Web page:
The Australian-made Animal Kingdom is among the most gripping, well-paced, acted and directed, and generally thrilling of anything that I’ve seen (yet) this year.
From the opening scene, where we meet a fellow named Joshua (James Frecheville), sitting passively next to his slumped-over unconscious mother and keeping an eye on the TV even while the paramedics are busy working on her (to no avail), writer-director David Michôd sets a rather grim tone and tableau. After his mother’s death, “J” goes to live with his Grandmother Smurf (Jacki Weaver) and a family his mother never wanted him to know. It soon becomes clear why: One uncle, Pope Cody (Ben Mendelsohn), a charismatic sociopath, is an armed robber on the run from the cops; another uncle is a thriving drug dealer (and addict); and yet another is somehow mixed up in all of this mess. Meanwhile, Grandma Smurf (the nickname is never quite explained) maintains a somewhat icky intimacy with her sons and their business partner, Baz Brown (Joel Edgerton). As J tries to learn how to navigate this new and fairly terrifying world, things quickly begin to unspool: Baz is trying to get out of the crime business; the cops are beginning to seem a little criminal themselves and then … well, it all gets much worse. So much worse! J must choose which side to align himself with-a family he’s never known (and clearly craved), or a friendly-seeming policeman (Guy Pearce) who seems to genuinely want to help. Who knew Melbourne was such a hotbed of trouble? Mr. Michôd’s film somehow manages to nimbly sidestep clichéd shoot-em-up-which-side-are-you-on drama territory. These finely drawn characters are as sympathetic as they are repellent, and each twist is unpredictable, imbuing a sense of menace and tension in every scene that is nearly unbearable (as Animal Kingdom concludes, nearly every single person in the screening room audibly exhaled).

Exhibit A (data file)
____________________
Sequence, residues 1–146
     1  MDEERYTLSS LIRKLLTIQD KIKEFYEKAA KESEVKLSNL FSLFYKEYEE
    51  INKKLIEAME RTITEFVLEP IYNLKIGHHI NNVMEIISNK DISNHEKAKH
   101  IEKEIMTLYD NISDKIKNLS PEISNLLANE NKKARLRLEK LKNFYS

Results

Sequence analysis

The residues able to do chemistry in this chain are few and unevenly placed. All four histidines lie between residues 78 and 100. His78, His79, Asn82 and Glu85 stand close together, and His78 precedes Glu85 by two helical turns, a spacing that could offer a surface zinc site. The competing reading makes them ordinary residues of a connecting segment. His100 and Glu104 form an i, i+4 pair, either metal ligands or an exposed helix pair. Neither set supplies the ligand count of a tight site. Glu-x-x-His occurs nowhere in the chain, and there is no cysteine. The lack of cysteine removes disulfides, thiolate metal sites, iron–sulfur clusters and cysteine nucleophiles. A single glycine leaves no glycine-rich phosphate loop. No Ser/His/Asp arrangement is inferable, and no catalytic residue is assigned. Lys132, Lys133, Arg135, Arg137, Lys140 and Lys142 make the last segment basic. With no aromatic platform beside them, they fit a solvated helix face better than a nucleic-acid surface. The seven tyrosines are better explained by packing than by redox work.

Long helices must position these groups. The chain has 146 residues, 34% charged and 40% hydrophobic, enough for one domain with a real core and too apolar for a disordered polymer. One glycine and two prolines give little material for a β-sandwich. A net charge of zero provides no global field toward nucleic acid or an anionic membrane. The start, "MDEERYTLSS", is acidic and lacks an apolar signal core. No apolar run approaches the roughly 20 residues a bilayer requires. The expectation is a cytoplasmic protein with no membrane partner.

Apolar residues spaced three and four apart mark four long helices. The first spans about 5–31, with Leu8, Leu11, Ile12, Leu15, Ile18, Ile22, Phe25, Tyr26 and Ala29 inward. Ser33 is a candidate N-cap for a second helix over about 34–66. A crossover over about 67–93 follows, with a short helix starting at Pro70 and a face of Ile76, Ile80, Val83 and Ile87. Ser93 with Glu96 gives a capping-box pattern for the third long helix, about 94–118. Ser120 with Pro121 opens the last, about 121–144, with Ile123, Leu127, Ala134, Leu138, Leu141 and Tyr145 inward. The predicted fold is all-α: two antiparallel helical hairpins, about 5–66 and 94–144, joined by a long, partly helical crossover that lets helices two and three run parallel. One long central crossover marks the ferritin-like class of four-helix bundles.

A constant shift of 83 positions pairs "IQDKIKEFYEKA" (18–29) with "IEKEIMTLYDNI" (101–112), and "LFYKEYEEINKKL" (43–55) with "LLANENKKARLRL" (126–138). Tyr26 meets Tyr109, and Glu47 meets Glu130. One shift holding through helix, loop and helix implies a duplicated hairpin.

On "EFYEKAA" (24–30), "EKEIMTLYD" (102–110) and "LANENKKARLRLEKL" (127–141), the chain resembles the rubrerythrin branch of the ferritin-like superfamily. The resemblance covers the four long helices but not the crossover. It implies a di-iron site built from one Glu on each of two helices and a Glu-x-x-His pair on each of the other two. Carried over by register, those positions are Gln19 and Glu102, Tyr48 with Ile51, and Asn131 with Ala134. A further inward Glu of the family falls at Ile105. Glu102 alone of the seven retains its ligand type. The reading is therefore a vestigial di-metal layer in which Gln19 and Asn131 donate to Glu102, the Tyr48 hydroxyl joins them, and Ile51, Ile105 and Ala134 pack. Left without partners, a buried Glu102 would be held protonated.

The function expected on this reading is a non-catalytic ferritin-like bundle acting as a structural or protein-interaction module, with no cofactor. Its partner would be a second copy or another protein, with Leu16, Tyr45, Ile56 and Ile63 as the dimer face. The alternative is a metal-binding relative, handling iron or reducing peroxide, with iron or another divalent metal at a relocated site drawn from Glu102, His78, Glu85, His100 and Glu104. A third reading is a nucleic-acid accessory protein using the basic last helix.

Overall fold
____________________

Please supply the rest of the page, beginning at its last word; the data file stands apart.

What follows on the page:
The acting is excellent. Ms. Weaver plays her role with murderous charm-has there been such a terrifying onscreen matriarch since Faye Dunaway as Joan Crawford in Mommie Dearest? Mr. Pearce quietly continues to be among the most interesting character actors working today, and where one earth did this Joel Edgerton person come from? Um, look out, Sam Worthington! (Does Australia just generate good actors the way Serbians produce athletes?) And it’s hard to take your eyes off Mr. Mendelsohn whenever he’s onscreen. So creepy, so seductive, so scary-his stillness is more disturbing than when he’s forced into action.
Here’s hoping that this is a film that actually, you know, gets seen by some people. It comes at the end of a rather tired summer.
Running time 112 minutes
Written and directed by David Michôd
Starring Ben Mendelsohn, Joel Edgerton, Guy Pearce, Jackie Weaver, Luke Ford, Sullivan Stapleton, James Frecheville
3.5 Eyeballs out of 4